Although seen by revisionist historians (most of whom had a political agenda) as the consummate politician peddling kitsch emotions, JFK was anything but: his father pushed him into politics, and once President he refused to compromise on the key human issues. This genuine compassion and common sense almost certainly sealed his date with destiny in Dallas; but he was expressing intuitively what we were able to confirm in research about mass-market cameras: that most people are wired to care about first family, and then community. And by inference, anything that might threaten their continued existence should be avoided at all cost. This drives what they record and treasure.
Top-down systemics promise the family/community/planetary fulfillment people want. They don’t deliver because those “running” the system don’t understand the difference between important social stuff and personal ego. It always has been – and always will be – the difference between the 3% and the 97%.
Bottom up starts with each individual, unique human being. The only goal worth pursuing is the greatest fulfilment of the greatest number of citizens: the art of the possible, not the idealised Utopian impossible.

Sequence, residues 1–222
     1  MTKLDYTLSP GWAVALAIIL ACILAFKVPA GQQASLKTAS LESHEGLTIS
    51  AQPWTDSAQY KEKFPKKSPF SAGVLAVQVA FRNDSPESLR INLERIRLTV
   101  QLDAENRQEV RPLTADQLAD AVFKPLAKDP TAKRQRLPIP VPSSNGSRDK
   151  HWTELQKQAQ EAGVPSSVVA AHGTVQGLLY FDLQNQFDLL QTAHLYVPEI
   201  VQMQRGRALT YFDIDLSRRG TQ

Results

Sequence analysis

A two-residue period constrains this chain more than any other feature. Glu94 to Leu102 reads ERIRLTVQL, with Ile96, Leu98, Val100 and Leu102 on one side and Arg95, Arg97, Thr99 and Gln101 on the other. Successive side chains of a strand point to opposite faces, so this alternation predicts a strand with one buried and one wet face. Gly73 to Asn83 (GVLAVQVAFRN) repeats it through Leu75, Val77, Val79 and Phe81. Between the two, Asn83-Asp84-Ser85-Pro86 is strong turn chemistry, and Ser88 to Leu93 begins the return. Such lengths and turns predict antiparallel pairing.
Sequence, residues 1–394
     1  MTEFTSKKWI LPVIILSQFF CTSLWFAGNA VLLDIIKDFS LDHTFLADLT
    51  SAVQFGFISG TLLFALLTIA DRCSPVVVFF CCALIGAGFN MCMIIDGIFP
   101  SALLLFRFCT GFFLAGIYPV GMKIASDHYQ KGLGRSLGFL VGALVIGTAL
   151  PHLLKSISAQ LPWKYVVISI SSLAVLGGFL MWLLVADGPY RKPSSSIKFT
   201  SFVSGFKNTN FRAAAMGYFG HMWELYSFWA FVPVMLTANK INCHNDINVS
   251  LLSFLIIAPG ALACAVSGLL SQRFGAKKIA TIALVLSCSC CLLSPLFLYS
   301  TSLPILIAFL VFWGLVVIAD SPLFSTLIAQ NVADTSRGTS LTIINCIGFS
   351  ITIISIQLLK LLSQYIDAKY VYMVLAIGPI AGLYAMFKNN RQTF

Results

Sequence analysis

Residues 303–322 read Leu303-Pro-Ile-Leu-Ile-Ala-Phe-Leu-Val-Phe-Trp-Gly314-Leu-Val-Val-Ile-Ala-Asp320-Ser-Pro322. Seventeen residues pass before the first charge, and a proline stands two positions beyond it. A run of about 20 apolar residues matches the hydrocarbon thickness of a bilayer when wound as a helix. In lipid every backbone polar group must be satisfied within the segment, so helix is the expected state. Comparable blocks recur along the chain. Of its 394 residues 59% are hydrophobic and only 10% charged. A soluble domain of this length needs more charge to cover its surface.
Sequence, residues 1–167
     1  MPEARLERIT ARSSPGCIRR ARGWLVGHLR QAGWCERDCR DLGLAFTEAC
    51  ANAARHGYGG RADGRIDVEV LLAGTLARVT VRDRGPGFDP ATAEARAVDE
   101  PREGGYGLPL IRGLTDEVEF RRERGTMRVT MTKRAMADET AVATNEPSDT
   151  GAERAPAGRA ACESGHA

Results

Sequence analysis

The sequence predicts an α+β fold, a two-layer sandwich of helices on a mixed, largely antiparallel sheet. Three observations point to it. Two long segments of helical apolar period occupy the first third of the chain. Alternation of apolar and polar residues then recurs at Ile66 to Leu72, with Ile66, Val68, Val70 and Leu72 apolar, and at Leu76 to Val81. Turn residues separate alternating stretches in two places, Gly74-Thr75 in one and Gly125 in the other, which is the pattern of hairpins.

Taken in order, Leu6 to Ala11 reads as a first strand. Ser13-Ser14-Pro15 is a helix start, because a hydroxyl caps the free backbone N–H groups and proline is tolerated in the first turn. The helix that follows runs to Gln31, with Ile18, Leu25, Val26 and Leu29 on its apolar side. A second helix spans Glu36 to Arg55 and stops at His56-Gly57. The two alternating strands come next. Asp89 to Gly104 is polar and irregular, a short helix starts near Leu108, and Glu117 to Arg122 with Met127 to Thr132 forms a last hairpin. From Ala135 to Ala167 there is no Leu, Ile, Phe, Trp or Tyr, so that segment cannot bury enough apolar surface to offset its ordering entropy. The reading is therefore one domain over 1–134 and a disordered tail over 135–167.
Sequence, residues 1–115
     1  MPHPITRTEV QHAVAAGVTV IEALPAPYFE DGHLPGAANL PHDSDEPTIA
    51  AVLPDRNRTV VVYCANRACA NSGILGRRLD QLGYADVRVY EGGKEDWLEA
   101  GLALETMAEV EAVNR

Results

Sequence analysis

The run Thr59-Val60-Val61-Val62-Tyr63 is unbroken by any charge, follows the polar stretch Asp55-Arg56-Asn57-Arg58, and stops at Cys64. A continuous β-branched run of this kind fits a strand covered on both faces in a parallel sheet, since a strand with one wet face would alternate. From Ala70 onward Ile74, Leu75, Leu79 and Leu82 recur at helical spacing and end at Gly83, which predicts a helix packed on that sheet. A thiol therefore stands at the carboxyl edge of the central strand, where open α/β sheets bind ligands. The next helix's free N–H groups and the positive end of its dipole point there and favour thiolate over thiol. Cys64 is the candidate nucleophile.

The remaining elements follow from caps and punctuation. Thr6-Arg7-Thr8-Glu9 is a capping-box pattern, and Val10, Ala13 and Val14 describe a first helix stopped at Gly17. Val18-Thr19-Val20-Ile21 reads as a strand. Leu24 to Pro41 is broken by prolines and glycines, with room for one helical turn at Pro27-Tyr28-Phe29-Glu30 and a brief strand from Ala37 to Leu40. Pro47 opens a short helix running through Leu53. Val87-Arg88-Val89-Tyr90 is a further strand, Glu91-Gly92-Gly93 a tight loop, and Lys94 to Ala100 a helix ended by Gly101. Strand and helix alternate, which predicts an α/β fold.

To start with the individual at the familial/community level means massive devolution of power, and the end of remote centralised power weilded by the faceless unelected. It means personal potential orientated education at the more holistic level of civics, literacy, health awareness and appreciation of another’s personal space. It means placing emphasis on personal discernment about information, and the willingness to critique received truths. It means the teaching of accountability, and the encouragement of creative talent in all its myriad forms.
Above all, it means setting a goal that can be both rationally and emotionally important to most of the People most of the time. Most of us thrive in a balanced family unit within a viable (and manageable) community. Most of us understand that, without a properly functioning ecology, atmosphere and food chain, all of us will die before our time.
This is the existence influenced by curiosity, discovery and scientific enquiry that can represent the new Higher Goal to replace religion. A richer physical Life with spiritual inspiration, rather than the promise of something better after Death.
The Christian religion underwent a Reformation. Now our species needs to do the same.